“People don’t support each other, businesswise,” the restaurant’s owner, Michael Charles, said later. “They all want to get rich out of greed, ignorance, and a lack of education. It’s not so difficult [to get rich], but the ignorance [holds people back].” Charles says a lack of respect is one of the reasons why many small businesses in Crown Heights do not thrive, and he argues there should be more support in the community. Michael Charles came to the U.S. from Grenada “with nothing” 16 years ago; now he has his own business. Even in a community where the average annual income is $27,664, one sees how economic gaps can cause conflict between people of the same ethnicity (both the tall man and Charles are black).
The tall man proceeded to pull a rolled-up stack of cash out of his pocket and paid Charles the three dollars for the coco water before mumbling to himself as he exited the store. “Success and longevity is what everyone wants, and they all think they know how to get it,” Charles said after the tall man’s departure. “But they never think of what they have to do to keep it.”
by Chyann Le Sapp
Troy Rogers’s long day of headache and aggravation began the moment the first child skated into the Empire Roller Rink. When the rink opened to cheerful children and their already annoyed mothers at precisely 2 p.m., the 18 year-old employee who wore jelly cornrows and a referee shirt chased after the clumsy children falling left and right at his feet; at other times he moved femininely round and round in circles, skating aimlessly in a daze for a while before he had to refocus his attention on the kids.
The rink was thick with must and humidity and lit loudly in red, yellow, and orange; its walls were adorned with elaborate paintings of a blue sky, large, hovering willow trees, red rocketships, and a hand-painted map of Brooklyn. Troy has worked at the Empire for four years. “I don’t see any tension between the races here in Crown Heights,” he said plainly. “The only tension I see is between the police and the people.” I couldn’t believe my ears—was Troy oblivious to how a dispute between a black man and a Jewish man sparked violent riots in 1991? Was it time for me to educate Troy on how these riots made Crown Heights notorious for crime? “Empire is a great place,” Troy argued, looking around for his boss and hoping not to be caught talking to me. “The police just need to treat the people better.”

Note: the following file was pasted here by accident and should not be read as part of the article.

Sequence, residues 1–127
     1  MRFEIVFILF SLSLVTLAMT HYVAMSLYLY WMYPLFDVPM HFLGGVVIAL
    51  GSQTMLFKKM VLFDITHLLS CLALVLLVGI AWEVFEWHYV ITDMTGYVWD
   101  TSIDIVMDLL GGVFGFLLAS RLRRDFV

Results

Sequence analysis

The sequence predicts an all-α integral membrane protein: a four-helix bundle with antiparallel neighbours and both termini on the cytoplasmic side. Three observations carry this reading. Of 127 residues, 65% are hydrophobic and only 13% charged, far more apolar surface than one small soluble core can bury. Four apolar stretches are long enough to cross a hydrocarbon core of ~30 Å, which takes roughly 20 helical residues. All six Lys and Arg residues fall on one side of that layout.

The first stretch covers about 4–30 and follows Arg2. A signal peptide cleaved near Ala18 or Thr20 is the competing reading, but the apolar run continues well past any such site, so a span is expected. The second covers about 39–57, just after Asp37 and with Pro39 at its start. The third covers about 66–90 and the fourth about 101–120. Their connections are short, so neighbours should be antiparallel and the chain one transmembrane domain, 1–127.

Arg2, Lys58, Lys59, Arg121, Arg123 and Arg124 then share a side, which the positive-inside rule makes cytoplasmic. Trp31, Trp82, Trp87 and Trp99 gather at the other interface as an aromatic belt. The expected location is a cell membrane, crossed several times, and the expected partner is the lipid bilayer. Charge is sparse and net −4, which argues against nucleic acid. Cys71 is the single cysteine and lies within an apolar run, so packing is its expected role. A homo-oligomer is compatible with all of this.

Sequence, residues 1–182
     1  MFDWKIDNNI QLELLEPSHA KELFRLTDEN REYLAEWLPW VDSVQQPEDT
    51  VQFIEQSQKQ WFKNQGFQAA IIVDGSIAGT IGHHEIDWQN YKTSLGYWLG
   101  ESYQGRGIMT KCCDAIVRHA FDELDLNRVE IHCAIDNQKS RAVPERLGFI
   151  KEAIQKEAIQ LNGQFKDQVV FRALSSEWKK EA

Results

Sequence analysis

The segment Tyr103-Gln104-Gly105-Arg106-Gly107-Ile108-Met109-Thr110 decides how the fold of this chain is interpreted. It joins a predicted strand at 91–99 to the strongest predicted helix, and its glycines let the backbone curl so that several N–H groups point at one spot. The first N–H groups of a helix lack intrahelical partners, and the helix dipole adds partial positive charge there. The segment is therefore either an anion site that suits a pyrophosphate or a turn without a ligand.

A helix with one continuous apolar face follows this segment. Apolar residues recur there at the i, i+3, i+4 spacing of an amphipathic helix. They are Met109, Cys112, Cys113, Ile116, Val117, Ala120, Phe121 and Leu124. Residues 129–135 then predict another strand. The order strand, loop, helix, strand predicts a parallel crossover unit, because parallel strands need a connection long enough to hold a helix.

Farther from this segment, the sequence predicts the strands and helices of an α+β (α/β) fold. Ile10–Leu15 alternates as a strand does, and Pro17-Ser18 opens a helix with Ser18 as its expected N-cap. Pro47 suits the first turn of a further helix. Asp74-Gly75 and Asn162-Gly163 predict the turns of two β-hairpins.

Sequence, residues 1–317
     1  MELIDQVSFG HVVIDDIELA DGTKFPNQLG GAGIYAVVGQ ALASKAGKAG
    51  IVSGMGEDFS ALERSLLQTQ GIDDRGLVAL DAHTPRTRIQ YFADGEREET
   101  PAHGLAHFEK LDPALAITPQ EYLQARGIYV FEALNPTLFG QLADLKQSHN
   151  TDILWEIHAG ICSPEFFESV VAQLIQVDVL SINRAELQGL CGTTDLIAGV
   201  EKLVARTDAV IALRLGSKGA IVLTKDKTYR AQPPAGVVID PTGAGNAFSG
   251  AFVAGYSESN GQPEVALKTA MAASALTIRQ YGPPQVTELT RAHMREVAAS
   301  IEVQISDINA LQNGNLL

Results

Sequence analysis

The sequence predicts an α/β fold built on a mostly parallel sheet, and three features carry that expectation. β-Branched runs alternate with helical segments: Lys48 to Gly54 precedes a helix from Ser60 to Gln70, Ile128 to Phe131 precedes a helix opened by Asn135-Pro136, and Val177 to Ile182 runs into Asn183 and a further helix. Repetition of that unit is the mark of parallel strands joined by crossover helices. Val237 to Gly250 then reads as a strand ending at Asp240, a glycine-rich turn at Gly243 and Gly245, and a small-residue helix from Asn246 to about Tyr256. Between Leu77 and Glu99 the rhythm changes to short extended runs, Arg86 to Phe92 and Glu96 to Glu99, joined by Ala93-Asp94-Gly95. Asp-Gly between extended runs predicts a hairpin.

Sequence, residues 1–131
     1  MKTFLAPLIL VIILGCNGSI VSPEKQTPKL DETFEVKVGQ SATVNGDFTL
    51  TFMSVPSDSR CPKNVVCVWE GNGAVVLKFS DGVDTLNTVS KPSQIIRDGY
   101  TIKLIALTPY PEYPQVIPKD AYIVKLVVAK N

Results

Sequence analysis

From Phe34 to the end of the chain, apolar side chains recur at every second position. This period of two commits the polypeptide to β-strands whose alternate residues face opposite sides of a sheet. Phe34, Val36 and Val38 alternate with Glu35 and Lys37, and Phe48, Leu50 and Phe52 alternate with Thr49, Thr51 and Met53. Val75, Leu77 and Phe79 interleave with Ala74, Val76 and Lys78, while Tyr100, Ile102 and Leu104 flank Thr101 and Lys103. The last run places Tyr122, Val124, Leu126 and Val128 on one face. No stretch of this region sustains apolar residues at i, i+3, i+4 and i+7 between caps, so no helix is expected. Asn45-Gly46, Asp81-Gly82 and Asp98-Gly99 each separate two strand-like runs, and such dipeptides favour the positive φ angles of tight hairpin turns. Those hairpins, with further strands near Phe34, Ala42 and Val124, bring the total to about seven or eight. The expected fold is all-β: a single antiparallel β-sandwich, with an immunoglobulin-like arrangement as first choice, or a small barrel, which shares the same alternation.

A few minutes into the conversation, Troy revealed that he wasn’t even a resident of Crown Heights anymore—he now lives in Jamaica, Queens. Could this be why Troy had never experienced any ethnic tension between the people? Or was it Empire’s influence on his perspective? Troy may have been wrong about the lack of ethnic tension in the neighborhood, but he wasn’t lying when he said that Empire Roller Rink is a great place to be: The only feuds I had seen since I had arrived at Empire were the never-ending gender fights between the kids. Any ethnic or religious conflict had been left with the humidity at the door. As I exited through the entrance, I breathed in the fresh air of the neighborhood, realizing it was not stiff with a sickening reminder of what had once occurred there. With my notebook clutched tightly to my chest for dear life and my pen in my hand, I left Empire Roller Rink with a smile on my face and a headache.
Tale of Two Hoods
by Tamara Leacock